It happens often that the music only comes into being during the film process or during the performance itself. The performers create the sound or the music through their actions or knowledge. I often create a particular framework of activity in which the performers operate freely and can explore specific paths. I tend not to give precise directions because I am interested in generating a wide range of possibilities and allowing self-determined action within a predefined situation.

This also happens in my film “Gravity’s Tune”: you can see a music ensemble on stage who is working out the score of a gravitational wave throughout the film. In between, they are listening to a lecture by a scientist about the phenomena of the “sound” of gravitational waves. So, the film’s spectator can equally see and hear how the music piece is brought together. 

Gravity’s Tune is a musical exploration of gravitational waves. Could you tell me more about the process behind the development of this work?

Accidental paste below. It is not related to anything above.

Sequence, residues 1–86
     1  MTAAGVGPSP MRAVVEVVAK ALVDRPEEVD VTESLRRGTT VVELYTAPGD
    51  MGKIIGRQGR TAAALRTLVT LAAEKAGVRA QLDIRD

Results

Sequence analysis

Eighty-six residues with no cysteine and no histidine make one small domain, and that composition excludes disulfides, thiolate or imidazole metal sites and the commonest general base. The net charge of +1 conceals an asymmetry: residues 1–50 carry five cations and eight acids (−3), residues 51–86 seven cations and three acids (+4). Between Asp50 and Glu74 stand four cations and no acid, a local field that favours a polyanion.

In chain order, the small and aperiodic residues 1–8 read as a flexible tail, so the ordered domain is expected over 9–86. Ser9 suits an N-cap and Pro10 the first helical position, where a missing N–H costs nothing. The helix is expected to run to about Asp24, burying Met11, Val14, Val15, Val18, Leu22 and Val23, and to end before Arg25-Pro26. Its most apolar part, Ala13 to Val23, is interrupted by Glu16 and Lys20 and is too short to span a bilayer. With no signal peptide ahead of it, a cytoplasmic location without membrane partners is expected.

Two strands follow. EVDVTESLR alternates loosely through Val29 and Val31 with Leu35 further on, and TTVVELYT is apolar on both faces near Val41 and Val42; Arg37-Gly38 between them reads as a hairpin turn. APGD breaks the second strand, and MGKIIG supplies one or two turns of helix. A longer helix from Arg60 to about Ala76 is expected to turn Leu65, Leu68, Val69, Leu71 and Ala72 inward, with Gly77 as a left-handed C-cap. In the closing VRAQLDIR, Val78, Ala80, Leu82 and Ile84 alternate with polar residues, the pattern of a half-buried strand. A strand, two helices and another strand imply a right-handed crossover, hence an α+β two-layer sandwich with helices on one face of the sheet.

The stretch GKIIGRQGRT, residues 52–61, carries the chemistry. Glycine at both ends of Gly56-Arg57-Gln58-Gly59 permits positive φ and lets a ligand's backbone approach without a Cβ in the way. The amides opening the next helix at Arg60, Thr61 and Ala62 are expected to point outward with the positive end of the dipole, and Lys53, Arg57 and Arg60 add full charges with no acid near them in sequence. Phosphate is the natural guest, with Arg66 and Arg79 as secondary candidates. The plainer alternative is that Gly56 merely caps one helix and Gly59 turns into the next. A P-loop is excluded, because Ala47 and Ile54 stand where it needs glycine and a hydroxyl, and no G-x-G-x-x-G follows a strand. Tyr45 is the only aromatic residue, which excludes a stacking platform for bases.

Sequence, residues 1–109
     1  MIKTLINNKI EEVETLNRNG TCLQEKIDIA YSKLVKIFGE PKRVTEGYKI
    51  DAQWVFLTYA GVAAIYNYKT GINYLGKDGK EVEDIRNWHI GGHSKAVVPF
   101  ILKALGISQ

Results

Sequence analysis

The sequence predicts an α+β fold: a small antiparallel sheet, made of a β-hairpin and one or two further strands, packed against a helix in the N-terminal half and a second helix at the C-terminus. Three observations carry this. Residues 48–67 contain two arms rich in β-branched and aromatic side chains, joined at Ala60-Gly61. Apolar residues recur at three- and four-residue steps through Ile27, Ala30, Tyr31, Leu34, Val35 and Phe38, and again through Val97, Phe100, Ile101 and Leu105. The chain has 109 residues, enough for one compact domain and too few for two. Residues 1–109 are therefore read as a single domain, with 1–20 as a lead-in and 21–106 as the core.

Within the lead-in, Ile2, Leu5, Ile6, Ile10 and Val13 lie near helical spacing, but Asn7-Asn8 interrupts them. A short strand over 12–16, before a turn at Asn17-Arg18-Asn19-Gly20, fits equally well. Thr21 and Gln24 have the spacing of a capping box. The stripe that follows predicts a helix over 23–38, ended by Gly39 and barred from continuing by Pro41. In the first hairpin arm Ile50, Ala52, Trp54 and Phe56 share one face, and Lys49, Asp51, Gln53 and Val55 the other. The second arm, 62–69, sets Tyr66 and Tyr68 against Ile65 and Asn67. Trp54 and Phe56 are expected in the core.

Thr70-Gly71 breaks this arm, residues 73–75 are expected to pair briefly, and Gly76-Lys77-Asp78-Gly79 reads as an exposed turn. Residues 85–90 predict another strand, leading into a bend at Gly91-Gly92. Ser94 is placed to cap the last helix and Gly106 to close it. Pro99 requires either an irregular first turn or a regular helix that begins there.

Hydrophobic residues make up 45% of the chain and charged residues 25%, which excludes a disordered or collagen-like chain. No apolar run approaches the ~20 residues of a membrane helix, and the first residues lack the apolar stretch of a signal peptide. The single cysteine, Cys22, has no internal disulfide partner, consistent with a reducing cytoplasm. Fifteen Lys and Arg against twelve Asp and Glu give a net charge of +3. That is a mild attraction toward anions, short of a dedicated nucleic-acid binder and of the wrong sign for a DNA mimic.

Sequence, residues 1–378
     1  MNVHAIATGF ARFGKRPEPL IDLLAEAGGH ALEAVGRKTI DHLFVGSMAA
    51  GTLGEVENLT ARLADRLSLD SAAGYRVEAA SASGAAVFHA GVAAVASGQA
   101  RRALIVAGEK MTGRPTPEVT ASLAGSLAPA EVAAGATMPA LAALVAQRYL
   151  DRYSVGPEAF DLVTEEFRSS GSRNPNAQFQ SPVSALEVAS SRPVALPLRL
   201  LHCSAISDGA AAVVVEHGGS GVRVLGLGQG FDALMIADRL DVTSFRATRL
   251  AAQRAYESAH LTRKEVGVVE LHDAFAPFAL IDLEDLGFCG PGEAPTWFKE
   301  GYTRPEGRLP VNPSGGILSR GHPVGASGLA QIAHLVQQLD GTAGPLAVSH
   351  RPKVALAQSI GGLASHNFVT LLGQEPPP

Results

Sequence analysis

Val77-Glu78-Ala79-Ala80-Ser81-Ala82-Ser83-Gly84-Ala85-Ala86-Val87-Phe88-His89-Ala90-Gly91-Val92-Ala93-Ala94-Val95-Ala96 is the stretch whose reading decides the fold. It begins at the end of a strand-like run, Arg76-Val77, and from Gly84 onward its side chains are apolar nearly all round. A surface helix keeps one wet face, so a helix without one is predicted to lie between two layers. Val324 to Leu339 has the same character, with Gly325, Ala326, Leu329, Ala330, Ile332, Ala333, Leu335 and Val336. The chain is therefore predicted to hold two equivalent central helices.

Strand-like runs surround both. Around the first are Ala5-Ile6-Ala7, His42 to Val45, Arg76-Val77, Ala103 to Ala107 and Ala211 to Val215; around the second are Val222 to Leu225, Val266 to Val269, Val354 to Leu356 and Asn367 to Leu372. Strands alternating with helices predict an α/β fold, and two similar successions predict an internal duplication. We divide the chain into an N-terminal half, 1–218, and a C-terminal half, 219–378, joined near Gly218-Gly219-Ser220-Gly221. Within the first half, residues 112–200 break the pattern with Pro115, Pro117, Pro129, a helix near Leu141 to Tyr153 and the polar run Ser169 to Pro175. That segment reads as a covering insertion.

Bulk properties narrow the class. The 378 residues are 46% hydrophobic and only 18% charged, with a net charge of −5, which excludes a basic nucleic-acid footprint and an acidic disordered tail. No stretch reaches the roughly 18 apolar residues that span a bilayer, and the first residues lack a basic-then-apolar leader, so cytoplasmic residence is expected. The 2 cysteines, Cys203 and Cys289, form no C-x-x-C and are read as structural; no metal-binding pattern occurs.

I would describe “Gravity’s Tune” as a video installation that entangles scientific and artistic thinking and addresses the interconnection of music and science. I wanted to tackle the astrophysical phenomena of gravitational waves poetically.

Gravitational waves are ripples in the space-time continuum that arise, for example, when two black holes merge. The energy released during those events is causing gravitational waves that compress and stretch space and time. They “travel” at the speed of light, spread out in space and eventually reach Earth, where they only have a tiny amplitude due to the usually (e.g. 1.8. billion years) long journey that lies behind them.

Detecting gravitational waves on Earth could be described as looking for a needle in a haystack. US-based LIGO (Laser Interferometer Gravitational-Wave Observatory) detected these waves in 2015 for the first time and translated these signals into a sound signal. When interpreted acoustically, gravitational waves can be represented as a concise “chirp sound”. The detection of gravitational waves is a significant scientific breakthrough by itself. Moreover, it is also the evidence for Einstein’s theory of relativity.